The SCO member countries confirmed their commitment to preserving the organization’s development dynamics both in the final Declaration (which covered virtually the entire range of international and regional issues) and in nearly twenty documents signed or approved at the summit. Among the most important of these documents are the approval of the Programme for the Development of Interregional Cooperation of the SCO member states and the Procedure for the Work of the Forum of Heads of Regions of the SCO member states, which may give an additional impetus to trade and economic cooperation within the organization, as cooperation in this area is still far from perfect. An important role in this regard could be played by the task of studying issues in expanding the SCO’s capabilities in transportation and communication. This would constitute a specific contribution of the organization to fulfilling the task of linking the EAEU and China’s Belt and Road initiative (BRI).

At the same time, the summit once again highlighted the lack of consensus within the SCO concerning the Belt and Road Initiative. With the exception of India, all the participants spoke in favor of the linking projects and other arrangements concerning the initiative. New Delhi is known for its continued skepticism towards the BRI in connection with the China–Pakistan cooperation in transportation and logistics in Kashmir, a region that is disputed by India and Pakistan. India’s political sensitivity in this regard is quite understandable, and it is something that the SCO will have to keep in mind.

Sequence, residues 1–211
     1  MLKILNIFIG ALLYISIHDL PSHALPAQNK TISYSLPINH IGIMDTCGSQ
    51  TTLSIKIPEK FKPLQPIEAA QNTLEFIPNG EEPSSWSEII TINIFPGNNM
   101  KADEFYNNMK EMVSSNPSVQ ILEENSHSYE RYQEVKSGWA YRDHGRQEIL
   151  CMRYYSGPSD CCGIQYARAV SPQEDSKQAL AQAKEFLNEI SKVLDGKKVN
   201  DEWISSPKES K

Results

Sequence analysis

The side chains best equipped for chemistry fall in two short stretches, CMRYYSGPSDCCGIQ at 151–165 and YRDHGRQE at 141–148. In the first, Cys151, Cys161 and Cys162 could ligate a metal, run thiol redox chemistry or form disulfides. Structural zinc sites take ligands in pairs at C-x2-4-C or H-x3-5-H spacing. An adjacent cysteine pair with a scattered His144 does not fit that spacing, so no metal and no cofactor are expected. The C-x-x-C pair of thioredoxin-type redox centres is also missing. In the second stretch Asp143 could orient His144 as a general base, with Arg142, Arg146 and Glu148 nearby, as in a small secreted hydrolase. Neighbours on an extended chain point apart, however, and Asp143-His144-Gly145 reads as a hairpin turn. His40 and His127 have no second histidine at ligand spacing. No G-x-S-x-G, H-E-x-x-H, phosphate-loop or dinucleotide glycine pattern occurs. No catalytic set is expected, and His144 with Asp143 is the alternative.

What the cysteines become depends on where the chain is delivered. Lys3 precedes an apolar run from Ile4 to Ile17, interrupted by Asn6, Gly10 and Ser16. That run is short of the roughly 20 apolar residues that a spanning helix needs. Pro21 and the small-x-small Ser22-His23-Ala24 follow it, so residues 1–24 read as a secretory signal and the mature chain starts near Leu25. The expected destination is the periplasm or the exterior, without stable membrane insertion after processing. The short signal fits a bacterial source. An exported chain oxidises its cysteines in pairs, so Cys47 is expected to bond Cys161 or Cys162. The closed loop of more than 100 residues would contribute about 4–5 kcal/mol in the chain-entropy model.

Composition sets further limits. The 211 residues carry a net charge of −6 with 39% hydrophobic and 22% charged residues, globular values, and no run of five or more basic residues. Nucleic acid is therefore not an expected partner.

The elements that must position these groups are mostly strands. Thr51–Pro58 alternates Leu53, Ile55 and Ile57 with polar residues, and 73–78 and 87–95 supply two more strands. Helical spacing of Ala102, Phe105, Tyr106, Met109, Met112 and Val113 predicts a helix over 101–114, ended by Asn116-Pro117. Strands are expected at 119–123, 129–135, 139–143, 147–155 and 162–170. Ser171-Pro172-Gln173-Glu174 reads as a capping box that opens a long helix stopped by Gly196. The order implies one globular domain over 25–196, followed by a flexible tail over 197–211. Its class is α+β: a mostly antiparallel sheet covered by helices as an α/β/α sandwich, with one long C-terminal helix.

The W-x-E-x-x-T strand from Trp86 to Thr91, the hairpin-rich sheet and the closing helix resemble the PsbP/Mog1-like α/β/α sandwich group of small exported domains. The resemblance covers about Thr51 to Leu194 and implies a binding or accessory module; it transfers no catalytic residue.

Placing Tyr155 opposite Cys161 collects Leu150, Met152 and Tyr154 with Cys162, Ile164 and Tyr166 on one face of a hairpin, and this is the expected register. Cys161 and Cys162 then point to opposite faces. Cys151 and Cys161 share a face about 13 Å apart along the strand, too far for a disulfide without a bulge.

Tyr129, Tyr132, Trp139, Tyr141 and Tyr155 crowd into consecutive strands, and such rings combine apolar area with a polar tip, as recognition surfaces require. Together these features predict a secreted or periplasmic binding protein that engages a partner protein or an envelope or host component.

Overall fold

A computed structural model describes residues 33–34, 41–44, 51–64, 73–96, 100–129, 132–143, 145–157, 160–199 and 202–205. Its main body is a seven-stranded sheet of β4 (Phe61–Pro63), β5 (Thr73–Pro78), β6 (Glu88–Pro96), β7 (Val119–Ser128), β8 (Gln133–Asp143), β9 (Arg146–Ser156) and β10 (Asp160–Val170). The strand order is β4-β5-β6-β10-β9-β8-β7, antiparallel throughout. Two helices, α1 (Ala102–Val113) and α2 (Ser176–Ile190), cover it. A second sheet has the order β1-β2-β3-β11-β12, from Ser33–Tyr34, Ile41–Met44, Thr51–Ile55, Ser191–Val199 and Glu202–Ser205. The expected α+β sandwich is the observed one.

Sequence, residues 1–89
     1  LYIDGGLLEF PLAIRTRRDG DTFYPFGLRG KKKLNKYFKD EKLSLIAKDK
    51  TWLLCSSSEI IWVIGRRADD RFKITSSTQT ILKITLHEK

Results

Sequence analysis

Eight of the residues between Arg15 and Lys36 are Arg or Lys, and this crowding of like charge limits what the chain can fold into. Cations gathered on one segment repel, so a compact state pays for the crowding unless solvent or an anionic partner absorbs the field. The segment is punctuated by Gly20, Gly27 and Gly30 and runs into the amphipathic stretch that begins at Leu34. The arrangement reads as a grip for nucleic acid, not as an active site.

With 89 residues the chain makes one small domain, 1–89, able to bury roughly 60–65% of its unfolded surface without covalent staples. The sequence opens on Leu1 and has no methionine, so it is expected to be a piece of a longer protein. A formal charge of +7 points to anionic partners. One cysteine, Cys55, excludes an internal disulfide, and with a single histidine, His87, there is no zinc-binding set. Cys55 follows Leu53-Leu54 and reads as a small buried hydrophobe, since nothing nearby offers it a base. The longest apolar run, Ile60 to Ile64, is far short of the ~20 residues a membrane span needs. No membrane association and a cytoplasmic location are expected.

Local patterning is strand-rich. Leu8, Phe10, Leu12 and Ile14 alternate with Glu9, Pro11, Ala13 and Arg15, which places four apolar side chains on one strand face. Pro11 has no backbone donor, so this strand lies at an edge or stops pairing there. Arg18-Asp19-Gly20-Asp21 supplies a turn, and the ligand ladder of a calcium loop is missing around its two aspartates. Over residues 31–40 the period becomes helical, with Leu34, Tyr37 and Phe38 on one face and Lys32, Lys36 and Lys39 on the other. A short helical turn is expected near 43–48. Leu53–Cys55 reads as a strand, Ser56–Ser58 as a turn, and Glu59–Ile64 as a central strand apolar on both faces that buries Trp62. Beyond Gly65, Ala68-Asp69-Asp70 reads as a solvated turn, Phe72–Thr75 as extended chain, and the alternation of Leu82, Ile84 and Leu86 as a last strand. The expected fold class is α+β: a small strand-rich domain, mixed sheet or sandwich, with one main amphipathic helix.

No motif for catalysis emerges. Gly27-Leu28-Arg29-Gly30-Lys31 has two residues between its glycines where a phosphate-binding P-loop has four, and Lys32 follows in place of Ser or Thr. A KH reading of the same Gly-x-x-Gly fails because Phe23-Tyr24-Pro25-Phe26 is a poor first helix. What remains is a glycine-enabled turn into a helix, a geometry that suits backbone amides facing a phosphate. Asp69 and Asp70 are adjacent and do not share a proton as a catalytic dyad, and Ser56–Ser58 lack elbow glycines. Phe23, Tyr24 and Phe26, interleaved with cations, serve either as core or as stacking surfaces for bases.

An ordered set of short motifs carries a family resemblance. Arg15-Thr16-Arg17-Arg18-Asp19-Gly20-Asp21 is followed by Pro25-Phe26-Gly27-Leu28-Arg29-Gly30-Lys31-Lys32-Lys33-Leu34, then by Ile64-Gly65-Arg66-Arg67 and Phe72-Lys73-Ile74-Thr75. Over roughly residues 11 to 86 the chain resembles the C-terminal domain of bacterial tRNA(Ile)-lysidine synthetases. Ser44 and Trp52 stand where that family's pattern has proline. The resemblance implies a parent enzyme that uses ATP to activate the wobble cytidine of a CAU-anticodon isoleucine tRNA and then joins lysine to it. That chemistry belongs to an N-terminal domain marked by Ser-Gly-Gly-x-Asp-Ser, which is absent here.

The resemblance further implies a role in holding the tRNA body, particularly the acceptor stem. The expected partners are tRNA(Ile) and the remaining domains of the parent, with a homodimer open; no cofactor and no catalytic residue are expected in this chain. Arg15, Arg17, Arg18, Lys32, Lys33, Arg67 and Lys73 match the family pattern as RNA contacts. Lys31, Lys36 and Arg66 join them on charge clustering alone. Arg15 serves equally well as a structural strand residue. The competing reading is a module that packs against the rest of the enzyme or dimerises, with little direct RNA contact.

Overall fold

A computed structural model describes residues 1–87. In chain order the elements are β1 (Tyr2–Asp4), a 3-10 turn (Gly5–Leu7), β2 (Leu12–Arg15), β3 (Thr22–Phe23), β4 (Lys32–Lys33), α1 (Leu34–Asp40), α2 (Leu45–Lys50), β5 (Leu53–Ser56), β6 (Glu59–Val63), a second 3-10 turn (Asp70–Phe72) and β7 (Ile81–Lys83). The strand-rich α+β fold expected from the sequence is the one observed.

The package of documents approved in Bishkek draws particular attention to the approval of further actions by the SCO–Afghanistan Contact Group in order to facilitate the expedited launch of the peace process in Afghanistan. The instability in the country and the protracted armed confrontation between Kabul and its Taliban opponents have been the principal challenge for stabilizing the regional situation for many years now. This circumstance affects the national interests of all SCO member states without exception. The general instability in Afghanistan has been increasingly affected in recent years by ISIS militants infiltrating the country (coming from, among other places, regions adjacent to Central Asia and China), as they lost control over a significant part of Syria. This development demonstrates a link between the two crisis-affected regions, especially since the majority of terrorists migrating to Afghanistan are natives of Central Asia and Muslim-populated regions of Russia and China. Such activity is unequivocally viewed as an immediate threat to the stability in the regions to the north and northeast of Afghanistan.

The SCO member states have repeatedly, and at various levels (including the very highest level), expressed their grave concerns over the entire range of problems in Afghanistan. The Bishkek summit was no exception. The Declaration signed at the end of the summit confirmed the organization’s readiness to advance a political settlement of the conflict under the direction, and with the participation, of the Afghan people themselves, both bilaterally and within the SCO–Afghanistan Contact Group. This item of the Declaration testifies to the SCO’s Afghanistan policy taking a more precise shape, which translated into the development of a roadmap at the Group’s scheduled meeting in Bishkek in April.